Playing pp with a good tone

Edited: March 3, 2020, 9:51 AM · I'm fine when bigging it up but scratchy/shaky at pp. Anyone have exercises for this? I think it's about successfully starting the note? Ta folks.

Replies (22)

March 3, 2020, 10:07 AM · I'm fairly sure a Kreutzer study could be used for this (no. 1 I think)
March 3, 2020, 10:31 AM · If you play close to / over the fingerboard, you can use a very soft weight and a bit more bow, which might help if the bow is getting choked up. Open string practice at different sound points is helpful to get a feel for the requirements of bow pressure and speed for a given dynamic.
March 3, 2020, 10:39 AM · You have these variables to work with:
contact point
bow angle
bow distribution

Whatever problem you have is some combination of the above. You can play Kreutzer (or any other slow tune), but you still have to think in terms of these basic elements and assess what you need to do.

March 3, 2020, 11:06 AM · Also keep in mind that your instrument could make it more difficult that others. Wide dynamic range is a characteristic of good instruments.
Edited: March 3, 2020, 11:24 AM · There are two approaches to playing piano. If you are in an orchestra section and you see pp you don't worry about fuzzy tone, soto voce, you just back off to near zero, maybe fake, maybe turn off the vibrato, to get out of the way because some other instrument has the lead. As a soloist you still need to be heard, so you go for the "spun-tone" best quality clear tone with a minimum of bow weight.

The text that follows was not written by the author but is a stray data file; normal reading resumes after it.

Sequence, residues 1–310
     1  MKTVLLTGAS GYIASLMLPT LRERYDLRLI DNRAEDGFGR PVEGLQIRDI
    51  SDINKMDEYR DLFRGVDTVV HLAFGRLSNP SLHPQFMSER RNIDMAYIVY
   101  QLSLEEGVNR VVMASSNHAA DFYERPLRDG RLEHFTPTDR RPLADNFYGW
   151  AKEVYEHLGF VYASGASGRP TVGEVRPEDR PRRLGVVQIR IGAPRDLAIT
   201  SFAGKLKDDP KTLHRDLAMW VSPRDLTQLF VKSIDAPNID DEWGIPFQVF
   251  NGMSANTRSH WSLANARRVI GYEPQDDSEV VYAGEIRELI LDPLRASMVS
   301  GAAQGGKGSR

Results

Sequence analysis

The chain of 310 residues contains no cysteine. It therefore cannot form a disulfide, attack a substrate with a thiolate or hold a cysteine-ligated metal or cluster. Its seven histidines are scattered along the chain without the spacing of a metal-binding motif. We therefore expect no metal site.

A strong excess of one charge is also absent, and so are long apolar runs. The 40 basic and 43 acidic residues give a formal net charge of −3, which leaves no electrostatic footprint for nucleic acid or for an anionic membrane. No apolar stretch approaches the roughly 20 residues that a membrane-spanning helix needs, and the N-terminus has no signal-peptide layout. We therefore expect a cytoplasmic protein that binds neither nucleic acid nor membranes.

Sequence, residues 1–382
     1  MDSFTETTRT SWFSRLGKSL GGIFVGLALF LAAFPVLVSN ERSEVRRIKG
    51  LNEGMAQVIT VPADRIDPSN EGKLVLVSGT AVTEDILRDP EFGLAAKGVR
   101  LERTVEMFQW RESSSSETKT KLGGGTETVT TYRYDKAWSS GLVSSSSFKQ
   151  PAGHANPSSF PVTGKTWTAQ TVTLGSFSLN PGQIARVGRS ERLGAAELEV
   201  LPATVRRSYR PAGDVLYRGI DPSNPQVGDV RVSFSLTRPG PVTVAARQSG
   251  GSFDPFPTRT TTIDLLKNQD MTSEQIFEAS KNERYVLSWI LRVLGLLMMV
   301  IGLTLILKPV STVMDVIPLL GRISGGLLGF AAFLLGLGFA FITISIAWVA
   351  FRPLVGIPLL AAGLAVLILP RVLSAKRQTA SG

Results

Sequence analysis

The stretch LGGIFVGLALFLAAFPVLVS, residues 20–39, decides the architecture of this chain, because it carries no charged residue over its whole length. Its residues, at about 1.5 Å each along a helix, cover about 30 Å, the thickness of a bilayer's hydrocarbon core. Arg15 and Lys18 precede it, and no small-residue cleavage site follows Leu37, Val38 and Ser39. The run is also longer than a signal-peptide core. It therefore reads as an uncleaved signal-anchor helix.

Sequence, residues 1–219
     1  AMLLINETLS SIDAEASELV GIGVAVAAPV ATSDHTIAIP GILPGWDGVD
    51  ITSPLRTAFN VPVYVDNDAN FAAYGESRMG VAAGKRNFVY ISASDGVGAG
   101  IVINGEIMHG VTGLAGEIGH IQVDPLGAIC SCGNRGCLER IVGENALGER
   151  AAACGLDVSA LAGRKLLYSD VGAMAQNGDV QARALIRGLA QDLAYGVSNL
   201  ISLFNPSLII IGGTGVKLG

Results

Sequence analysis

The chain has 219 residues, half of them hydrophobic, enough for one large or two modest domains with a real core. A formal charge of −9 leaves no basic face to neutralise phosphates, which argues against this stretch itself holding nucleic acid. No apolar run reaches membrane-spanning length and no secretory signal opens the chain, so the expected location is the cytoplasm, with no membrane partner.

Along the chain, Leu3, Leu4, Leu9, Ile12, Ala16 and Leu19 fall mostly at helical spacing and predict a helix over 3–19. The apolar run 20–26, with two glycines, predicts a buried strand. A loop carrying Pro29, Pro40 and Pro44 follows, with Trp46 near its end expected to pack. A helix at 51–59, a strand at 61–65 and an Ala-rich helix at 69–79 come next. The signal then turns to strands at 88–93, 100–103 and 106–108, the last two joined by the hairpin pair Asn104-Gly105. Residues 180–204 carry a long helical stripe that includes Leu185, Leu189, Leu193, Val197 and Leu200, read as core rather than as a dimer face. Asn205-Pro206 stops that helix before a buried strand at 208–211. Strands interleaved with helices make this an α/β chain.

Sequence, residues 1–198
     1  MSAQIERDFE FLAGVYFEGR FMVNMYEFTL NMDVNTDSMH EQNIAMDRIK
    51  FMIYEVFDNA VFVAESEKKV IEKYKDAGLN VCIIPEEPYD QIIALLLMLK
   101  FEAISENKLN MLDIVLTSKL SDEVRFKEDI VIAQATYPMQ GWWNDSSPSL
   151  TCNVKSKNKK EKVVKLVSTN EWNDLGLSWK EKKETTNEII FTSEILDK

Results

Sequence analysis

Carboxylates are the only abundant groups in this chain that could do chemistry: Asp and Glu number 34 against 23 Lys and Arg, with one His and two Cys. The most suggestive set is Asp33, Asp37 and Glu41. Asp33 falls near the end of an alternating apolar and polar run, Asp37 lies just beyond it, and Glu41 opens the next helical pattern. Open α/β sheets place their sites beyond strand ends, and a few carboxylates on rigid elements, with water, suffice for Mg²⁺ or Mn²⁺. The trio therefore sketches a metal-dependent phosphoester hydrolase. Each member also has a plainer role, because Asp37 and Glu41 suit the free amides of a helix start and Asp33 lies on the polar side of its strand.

Edited: March 3, 2020, 11:43 AM · Thanks folks. Sometimes there are so few in the section 'backing off' is quite treacherous. I do Kreutser 1, and have an Ok swell - quite useful in fact. It's initiating the tone that's a challenge. I'll check out spun- tone.
March 3, 2020, 12:11 PM · Sorry to be a broken record, but if you can't play low notes softly with a full tone and a clean start, that's an adjustment issue.
March 3, 2020, 12:15 PM · Ta. I'll explore that.
March 3, 2020, 12:50 PM · Dynamics are also relative, especially for solo playing; if you record piano and forte passages the differences are in part volume but also in style of playing.

That said, it is hard to work on this (I am too), especially if you are using a recorder to monitor your success. Beware! Most recorders, especially those on cell phones, are designed to record spoken words. To do this they have 'volume compression' - meaning that they increase the volume of quiet sounds and decrease that of loud ones to keep the sound in the middle of the recording range. Thus far I found one ap (on an adroid) that allows you to override compression: 'RecForge II'. It takes getting used to a bit - note that when you tap 'record' it goes first into a sound-check mode so you need to hit the check mark to actually record. To turn off voice compression go into settings and check 'Disable AGC'. Now you can set the recording sensitivity with the slider under the waveform before recording. It seems quite forgiving, especially for a single violin.